I thank my terrific readers for enjoying my books; without your buying the books, I could never have afforded to do this. So I'm pouring the income back into the business and will give you a better product as a result.

Remember, keep your "automatic updates" on for kindle books, and when authors do this sort of thing, you'll be able to have the best version of the books in your collection.

(And, for fans of the Gray series, I'm still working on Gray III. There's a horrifying opening scene....)

Sunday, August 9, 2015

Prepared vs. Prepper

When I talk to people these days about the importance of being prepared for a disaster, they sometimes edge away and say "I'm not one of those extremist prepper people!"

You don't have to be. Personally, I think if there's an entire collapse of civilization, I'm doomed anyway, and I'm not sure I'd want to be the last one standing after a nuclear holocaust or asteroid hit. Furthermore, the likelihood of those is remote, so I don't worry about them. (If you do worry, and go the whole prepper route, and can afford to spend the time and money on it, good on you.)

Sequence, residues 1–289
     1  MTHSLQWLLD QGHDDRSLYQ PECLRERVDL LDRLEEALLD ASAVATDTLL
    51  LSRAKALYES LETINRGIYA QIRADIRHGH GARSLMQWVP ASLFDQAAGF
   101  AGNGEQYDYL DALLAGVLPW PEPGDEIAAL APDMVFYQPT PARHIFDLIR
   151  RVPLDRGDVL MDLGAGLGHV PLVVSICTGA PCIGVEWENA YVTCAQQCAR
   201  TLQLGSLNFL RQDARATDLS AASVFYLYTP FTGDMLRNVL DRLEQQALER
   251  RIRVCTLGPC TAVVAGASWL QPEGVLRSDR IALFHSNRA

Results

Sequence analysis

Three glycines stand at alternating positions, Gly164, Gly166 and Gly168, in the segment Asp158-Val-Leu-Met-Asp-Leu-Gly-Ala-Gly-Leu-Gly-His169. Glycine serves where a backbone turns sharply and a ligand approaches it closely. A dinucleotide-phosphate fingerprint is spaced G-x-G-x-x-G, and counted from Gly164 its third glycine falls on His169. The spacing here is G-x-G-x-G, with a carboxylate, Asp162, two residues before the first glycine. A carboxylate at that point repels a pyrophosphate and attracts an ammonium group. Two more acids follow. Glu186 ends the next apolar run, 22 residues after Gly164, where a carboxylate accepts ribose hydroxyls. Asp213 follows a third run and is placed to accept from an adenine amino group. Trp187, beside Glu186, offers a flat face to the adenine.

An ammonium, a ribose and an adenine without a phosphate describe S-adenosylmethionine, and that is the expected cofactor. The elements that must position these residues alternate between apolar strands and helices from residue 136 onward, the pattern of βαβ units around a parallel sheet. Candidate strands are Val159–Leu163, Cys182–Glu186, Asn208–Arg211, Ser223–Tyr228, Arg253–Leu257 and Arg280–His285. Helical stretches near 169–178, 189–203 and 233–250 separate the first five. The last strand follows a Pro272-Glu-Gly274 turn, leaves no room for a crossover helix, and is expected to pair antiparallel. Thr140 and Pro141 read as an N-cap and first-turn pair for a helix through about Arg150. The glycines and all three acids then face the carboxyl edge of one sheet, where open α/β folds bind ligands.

What I would like you to think about, though, are the disasters that actually do kill people and are likely in your area. You needn't prepare for The End of The World. But do prepare to avoid the possible end of your world.
Red Cross Emergency Kit. Image FEMA

Number one on your list of preparations to make should be not for a natural disaster but the common house fire. 2,650 deaths per year in the US are due to these, and you'll see proportional numbers in other countries. Make sure your smoke detectors are working, check the expiration date on any fire extinguishers you own, and run a fire drill for your family once a year. Choose an annual date: your birthday is good, or use ShakeOut Day (October 15), a good day to think about disasters beyond earthquakes, too. Have your plan in place, and practice. The more that people practice what to do in such a situation, the more likely they will survive.